Victorian Britons knew all about walking. It was part of daily life. However, organized rambling was a totally different matter. G.H.B. Ward (1876-1957) began life as an engineer at a local steel works in Sheffield. In the autumn of 1900, he placed an advert in a newspaper inviting people to join him on a moorland walk. As a result, 13 people turned up for what is thought to be the first ever organized public walk - around the Kinder Scout plateau on 2 September 1900. This led to the formation of the Sheffield Clarion Ramblers which is recognized as the first working class ramblers club and which became the forerunner of the great ramblers’ movements we know today. As one Clarion man wrote of the group's first ramble in 1900: If our feet were on the heather, our hearts and hopes were with the stars.
This mystical communion with the open air, with sore feet on the pathway to Heaven, is reflected on every splendid page of The Best of the Sheffield Clarion Ramblers' Handbooks. The book's editor, David Sissons, has devoted 12 years to researching Ward, who, as a good socialist, refused an OBE for his services to the great outdoors but accepted an honorary M.A. from Sheffield University which was awarded on his deathbed!
Sissons describes the old man's outlook as applied Wordsworth, putting into practice the poet's ideals, trying to raise the working class to a higher level. Ward was obsessed with heights, distances and directions. For every hour he spent on the moors, he would spend another burrowing in the archives through Enclosure Acts and Charity Commissioners' reports.
In 1907, Ward participated in the illegal mass trespass on Bleaklow, a fore runner of the 1932 mass trespass. In 1910, he became the founding editor of the Sheffield Clarion Ramblers Club Handbook and chaired the Sheffield Clarion Ramblers until his death in 1957. In 1926, he founded the Sheffield and District Federation of the Ramblers Association. In 1945, the Ramblers Association bought him the summit of Lose Hill in the Peak District which was named Ward's Piece and which he subsequently presented to the National Trust. Ward also worked on the purchase of the Longshaw Estate in Derbyshire and was a founder member of the local Youth Hostel Association. He was also an activist for walkers’ rights and a Labour Party politician.
Ward was undoubtedly the dominant figure in the early campaign for walkers’ rights in Britain. For those interested, the Best of the Sheffield Clarion Ramblers' Handbooks which he edited for more than 50 years can be ordered from the Yorkshire Post Bookshop. The Handbooks are just four-and-a-half inches by three and small enough to slip into a jacket top pocket and are bibles in the rambling world. They include information on place names, local folk lore and the history of the moors and valleys of the Peak District. Nominally, they were just a prospectus of scheduled walks, with the occasional warning that only the hardiest ramblers must attend, but they were widely read. The editor of the books, David Sissons, devoted 12 years to researching Ward. Sissons describes the old man's outlook as applied Wordsworth, putting into practice the poet's ideals, trying to raise the working class to a higher level.
Interestingly, in his book, Across the Derbyshire Moors published in 1945, Ward ranked the best full day’s walk available from Sheffield to be round Kinder Scout from Edale Station by Jacob’s Ladder, William Clough, the Snake and Alport Bridge to Hope. He estimated the distance to be 20 miles which he considered to be equivalent to 25 ‘Derbyshire miles’ taking into account the energy used for the ups and downs. To enjoy this walk, he recommended that one left Edale not later than 9.30 a.m. and returned from Hope by train or bus but not before 8 p.m. Clearly, the ramblers of Ward’s generation were a cut above the modern generation! The Old Nags Head at Edale is the official start of the Pennine Way. Nowadays, the best way to get onto Kinder Scout is to take the train to Edale and then walk up Grindsbrook. It’s a stiff walk but worth it!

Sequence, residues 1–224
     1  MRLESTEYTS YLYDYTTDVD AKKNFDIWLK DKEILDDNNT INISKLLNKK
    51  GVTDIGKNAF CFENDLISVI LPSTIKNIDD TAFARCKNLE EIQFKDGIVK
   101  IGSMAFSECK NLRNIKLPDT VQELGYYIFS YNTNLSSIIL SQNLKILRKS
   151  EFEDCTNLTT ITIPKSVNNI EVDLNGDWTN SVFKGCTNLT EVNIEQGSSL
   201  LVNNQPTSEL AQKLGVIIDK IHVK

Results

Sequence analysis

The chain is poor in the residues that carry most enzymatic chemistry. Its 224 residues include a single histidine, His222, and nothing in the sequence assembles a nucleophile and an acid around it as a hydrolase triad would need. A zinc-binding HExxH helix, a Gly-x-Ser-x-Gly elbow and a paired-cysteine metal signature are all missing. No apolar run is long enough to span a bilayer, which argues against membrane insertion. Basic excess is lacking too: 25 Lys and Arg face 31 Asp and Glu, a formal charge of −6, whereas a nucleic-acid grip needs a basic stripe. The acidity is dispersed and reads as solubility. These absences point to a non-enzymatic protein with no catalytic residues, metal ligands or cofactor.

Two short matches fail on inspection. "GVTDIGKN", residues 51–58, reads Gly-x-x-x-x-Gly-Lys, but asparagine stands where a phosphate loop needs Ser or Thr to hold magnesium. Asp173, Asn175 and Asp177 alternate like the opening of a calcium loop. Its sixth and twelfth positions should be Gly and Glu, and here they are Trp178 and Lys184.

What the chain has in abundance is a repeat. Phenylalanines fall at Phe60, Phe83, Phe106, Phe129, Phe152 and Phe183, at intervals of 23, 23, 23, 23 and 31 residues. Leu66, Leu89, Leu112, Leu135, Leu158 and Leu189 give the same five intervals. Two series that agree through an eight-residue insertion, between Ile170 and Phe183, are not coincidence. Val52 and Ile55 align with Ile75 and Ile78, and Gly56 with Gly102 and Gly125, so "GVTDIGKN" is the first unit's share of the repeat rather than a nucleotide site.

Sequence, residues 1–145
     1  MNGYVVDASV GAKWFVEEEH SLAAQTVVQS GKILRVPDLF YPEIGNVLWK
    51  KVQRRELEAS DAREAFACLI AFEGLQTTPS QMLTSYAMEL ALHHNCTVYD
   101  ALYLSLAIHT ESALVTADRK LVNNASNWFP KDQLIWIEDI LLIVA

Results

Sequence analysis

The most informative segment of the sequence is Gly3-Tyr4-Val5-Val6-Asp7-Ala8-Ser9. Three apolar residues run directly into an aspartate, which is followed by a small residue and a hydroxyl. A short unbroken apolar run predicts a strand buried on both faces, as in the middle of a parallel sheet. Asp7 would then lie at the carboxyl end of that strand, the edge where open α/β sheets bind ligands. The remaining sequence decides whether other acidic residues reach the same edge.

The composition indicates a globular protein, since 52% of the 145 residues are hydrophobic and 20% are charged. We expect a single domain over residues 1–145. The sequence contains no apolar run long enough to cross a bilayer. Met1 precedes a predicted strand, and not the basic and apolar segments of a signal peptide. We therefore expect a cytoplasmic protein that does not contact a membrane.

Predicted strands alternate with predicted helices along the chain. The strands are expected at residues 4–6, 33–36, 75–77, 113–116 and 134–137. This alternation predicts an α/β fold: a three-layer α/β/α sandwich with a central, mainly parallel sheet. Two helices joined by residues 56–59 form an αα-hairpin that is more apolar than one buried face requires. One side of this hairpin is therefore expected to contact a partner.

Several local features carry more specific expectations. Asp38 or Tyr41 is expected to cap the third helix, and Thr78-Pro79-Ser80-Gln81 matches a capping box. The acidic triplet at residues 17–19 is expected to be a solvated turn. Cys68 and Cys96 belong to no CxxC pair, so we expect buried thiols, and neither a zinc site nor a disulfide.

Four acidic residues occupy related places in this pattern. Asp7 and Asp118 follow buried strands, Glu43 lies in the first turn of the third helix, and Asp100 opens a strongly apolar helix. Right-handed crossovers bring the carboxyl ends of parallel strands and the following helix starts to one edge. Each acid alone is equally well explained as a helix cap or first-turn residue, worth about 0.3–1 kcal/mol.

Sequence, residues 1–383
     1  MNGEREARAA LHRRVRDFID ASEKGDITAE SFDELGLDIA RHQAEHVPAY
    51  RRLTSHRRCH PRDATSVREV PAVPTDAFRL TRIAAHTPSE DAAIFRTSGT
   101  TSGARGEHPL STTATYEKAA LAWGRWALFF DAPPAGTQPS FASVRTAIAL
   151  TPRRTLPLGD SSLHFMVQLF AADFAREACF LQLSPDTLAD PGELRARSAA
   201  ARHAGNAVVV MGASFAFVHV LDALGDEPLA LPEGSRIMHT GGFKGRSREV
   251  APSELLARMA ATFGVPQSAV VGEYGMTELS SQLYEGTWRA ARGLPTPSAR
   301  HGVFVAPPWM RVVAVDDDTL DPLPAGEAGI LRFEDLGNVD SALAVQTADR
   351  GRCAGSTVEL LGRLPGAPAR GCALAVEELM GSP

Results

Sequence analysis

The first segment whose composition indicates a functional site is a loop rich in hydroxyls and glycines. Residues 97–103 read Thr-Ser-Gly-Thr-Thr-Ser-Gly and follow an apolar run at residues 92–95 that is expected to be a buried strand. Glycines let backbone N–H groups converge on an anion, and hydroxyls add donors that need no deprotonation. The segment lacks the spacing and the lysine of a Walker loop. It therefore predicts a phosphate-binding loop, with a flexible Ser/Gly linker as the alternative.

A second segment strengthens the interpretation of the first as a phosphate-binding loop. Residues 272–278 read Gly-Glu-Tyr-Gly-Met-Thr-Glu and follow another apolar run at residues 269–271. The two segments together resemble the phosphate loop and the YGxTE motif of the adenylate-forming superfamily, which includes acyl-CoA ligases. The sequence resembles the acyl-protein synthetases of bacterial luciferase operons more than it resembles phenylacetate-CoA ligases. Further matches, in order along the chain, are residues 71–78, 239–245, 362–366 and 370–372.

However, Ward was famously truculent. He worked for the Civil Service as a conciliation officer, but, away from work, he favoured confrontation, in word if not in action. In his younger days, he sported a fearsome-looking moustache and wore his muffler with attitude. Only the most intrepid gamekeeper would take him on. GHB looked quite capable of inflicting GBH! But he also absorbed the inner peace of landscape as expressed by Wordsworth, Thoreau, Ruskin, Emerson, William Morris and any number of other writers. Ward can be considered to be one of the principal founders of rambling in the Peak District. Tom Stephenson was another who made an excellent case for the right to roam (Stephenson 1989).
Of course, the Peak District of Derbyshire has been well known to mankind for millennia. Many of the existing trails may have been used by Neolithic man and later adopted as Roman roads, packhorse routes, bridleways and footpaths. The Roman forts at Brough, Glossop and Buxton, for example, were initially linked by Roman roads. One of the main reasons for the Roman Emperor Claudius to invade Britain in 43 AD was for its minerals. Britain was thought to be a very rich source of the minerals that the Romans needed, such as lead, tin and iron. During the 3rd century A.D., the Romans were very active in the Peak District in exploiting various mineral deposits such as galena (lead sulphide; *******www.buxton.online). They were able to use advanced technology to find and extract valuable mineral resources on a scale unequalled until the Middle Ages.